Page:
QUESTION: I am uncomfortable using rewards to influence my kids. It seems too much like bribery to me. I'd like to hear your views on the subject.
JAMES DOBSON: Many parents feel as you do, and in response I say, don't use them if you are philosophically opposed to the concept.
It is unfortunate, however, that one of our most effective teaching tools is often rejected because of what I would consider to be a misunderstanding of terms. Our entire society is established on a system of rewards, yet we don't want to apply them where they are needed most: with young children.
As adults, we go to work each day and receive a paycheck every other Friday. Getting out of bed each morning and meeting the requirements of a job are thereby rewarded. Medals are given to brave soldiers, plaques are awarded to successful business people and watches are presented to retiring employees. Rewards make responsible efforts worthwhile.
The main reason for the overwhelming success of capitalism is that hard work and personal discipline are rewarded materially. The great weakness of socialism is the absence of reinforcement; why should a person struggle to achieve if there is nothing special to be gained?
This system is a destroyer of motivation, yet some parents seem to feel it is the only way to approach children. They expect little Marvin to carry responsibility simply because it is noble for him to do so. They want him to work and learn and sweat for the sheer joy of personal accomplishment. He isn't going to buy it!
Consider the alternative approach to the ''bribery'' I've recommended. How are you going to get your 5-year-old son to behave more responsibly? The most frequently used substitutes are nagging, complaining, begging, screaming, threatening and punishing. The mother who objects to the use of rewards may also go to bed each evening with a headache, vowing to have no more children. She doesn't like anything resembling a ''bribe,'' yet later she will give money to her child when some opportunity comes along.
Since her youngster never earns his own cash, he doesn't learn how to save it or spend it wisely or pay tithe on it. The toys she buys him are purchased with her money, and he values them less. But most important, he is not learning the self-discipline and personal responsibility that are possible through the careful reinforcement of that behavior.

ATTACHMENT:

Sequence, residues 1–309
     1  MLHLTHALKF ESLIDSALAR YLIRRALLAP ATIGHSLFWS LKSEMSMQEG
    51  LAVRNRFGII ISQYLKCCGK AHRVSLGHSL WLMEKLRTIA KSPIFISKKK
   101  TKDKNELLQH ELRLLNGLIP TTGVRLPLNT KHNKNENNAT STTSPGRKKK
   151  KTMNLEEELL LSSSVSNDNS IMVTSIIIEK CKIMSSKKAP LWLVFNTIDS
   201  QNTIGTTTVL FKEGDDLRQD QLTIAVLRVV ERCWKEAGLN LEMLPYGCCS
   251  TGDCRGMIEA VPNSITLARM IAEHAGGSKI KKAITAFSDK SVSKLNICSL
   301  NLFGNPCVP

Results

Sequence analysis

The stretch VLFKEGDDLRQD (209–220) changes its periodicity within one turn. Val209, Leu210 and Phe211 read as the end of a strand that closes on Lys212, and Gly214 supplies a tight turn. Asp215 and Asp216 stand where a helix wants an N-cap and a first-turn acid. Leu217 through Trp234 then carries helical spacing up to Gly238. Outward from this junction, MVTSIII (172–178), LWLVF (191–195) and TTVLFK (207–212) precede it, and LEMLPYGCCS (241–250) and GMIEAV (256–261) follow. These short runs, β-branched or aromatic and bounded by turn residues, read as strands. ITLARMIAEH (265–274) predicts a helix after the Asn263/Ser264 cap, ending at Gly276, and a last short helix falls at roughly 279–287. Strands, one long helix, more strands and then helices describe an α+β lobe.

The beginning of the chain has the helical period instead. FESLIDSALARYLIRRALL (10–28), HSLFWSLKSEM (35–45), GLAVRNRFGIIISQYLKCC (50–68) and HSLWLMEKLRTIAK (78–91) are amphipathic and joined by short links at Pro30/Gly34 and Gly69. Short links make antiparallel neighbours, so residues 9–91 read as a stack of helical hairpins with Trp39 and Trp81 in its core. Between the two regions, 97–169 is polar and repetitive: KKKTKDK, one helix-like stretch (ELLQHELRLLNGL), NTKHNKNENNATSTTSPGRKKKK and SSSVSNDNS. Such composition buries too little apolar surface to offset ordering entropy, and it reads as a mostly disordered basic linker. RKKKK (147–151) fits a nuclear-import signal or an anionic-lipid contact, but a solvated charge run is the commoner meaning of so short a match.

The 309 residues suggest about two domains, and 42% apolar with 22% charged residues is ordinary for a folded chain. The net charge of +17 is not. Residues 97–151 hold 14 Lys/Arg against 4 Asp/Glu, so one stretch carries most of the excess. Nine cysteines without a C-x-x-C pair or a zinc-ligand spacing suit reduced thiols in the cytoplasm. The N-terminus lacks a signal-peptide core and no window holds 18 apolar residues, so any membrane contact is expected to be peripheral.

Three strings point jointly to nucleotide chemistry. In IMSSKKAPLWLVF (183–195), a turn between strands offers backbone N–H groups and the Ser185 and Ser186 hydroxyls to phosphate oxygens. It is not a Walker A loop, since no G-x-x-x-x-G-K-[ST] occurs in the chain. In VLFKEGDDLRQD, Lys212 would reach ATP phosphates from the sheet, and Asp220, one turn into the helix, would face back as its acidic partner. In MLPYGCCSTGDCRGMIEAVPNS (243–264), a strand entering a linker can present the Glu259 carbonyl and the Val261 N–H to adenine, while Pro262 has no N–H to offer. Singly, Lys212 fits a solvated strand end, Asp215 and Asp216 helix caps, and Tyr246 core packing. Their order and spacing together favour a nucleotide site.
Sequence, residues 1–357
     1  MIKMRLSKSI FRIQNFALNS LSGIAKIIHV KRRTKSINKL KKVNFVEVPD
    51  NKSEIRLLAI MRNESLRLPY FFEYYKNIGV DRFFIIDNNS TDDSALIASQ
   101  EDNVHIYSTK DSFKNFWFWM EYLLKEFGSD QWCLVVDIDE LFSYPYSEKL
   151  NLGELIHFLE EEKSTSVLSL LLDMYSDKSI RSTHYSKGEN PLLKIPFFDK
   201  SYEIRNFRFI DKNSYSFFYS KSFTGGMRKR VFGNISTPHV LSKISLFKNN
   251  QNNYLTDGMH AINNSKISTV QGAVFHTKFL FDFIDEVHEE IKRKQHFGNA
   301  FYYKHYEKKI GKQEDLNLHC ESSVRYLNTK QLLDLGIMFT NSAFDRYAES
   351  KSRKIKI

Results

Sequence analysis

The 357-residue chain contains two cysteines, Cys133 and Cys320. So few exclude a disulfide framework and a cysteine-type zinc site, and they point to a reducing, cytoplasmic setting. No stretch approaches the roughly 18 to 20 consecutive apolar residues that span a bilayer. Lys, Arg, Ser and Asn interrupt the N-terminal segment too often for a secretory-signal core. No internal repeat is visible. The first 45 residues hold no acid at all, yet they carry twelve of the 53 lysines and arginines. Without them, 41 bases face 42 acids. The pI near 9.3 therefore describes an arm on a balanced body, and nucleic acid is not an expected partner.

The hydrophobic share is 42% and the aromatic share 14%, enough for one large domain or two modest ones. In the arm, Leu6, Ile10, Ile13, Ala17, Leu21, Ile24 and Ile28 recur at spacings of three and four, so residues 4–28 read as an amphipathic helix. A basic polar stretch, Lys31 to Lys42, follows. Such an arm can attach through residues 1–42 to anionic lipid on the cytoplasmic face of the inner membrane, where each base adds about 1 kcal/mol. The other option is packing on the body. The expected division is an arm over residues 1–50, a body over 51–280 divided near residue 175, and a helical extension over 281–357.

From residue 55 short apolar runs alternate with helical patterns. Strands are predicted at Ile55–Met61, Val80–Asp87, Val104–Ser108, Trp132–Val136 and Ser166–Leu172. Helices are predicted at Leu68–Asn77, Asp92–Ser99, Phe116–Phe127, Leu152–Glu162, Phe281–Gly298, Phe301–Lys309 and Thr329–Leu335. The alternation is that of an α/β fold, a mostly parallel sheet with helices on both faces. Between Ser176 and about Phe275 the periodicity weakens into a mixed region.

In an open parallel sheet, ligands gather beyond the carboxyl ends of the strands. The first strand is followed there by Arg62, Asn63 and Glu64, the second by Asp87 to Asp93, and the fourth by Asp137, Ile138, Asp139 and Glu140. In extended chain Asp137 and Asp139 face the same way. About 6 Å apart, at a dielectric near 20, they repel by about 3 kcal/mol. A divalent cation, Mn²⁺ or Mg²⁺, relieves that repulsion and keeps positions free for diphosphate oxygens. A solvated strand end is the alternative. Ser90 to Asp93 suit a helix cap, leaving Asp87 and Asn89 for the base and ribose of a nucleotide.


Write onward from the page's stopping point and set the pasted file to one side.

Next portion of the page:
Yes, I do believe the judicious use of rewards can be very helpful to parents. But they're not for everyone.
QUESTION: I have always been a good student, and I want to go to either law school or medical school. That means I could be in my mid or late 20s by the time I graduate and get on with my life. But I also want to be a wife and mother and stay home with my children. I can't figure out how to reach both these goals. How can I be a professional and a mother, too?
JAMES DOBSON: You've described a dilemma that millions of young women struggle with today. Three competing choices lie before them -- whether to have a career, be a wife and mother, or attempt to do both. It is a decision that will have implications for everything that is to follow.
Since you don't yet have plans to get married, I would recommend that you press ahead with your academic goals. Once your training is complete, you will still have all the options available to you. If by that time you are married and want to become a full-time mother, you can put your career on hold for a few years or leave it altogether. Remember, you can always return to it after the children are older.
Only you can decide what is best for yourself, of course. I would strongly suggest that you make it a matter of prayer as you seek the Lord's will for your life.
(James Dobson is president of the nonprofit organization Focus on the Family, P.O. Box 444, Colorado Springs, Colo. 80903; or www.family.org. Questions and answers are excerpted from ''Solid Answers,'' published by Tyndale House.)
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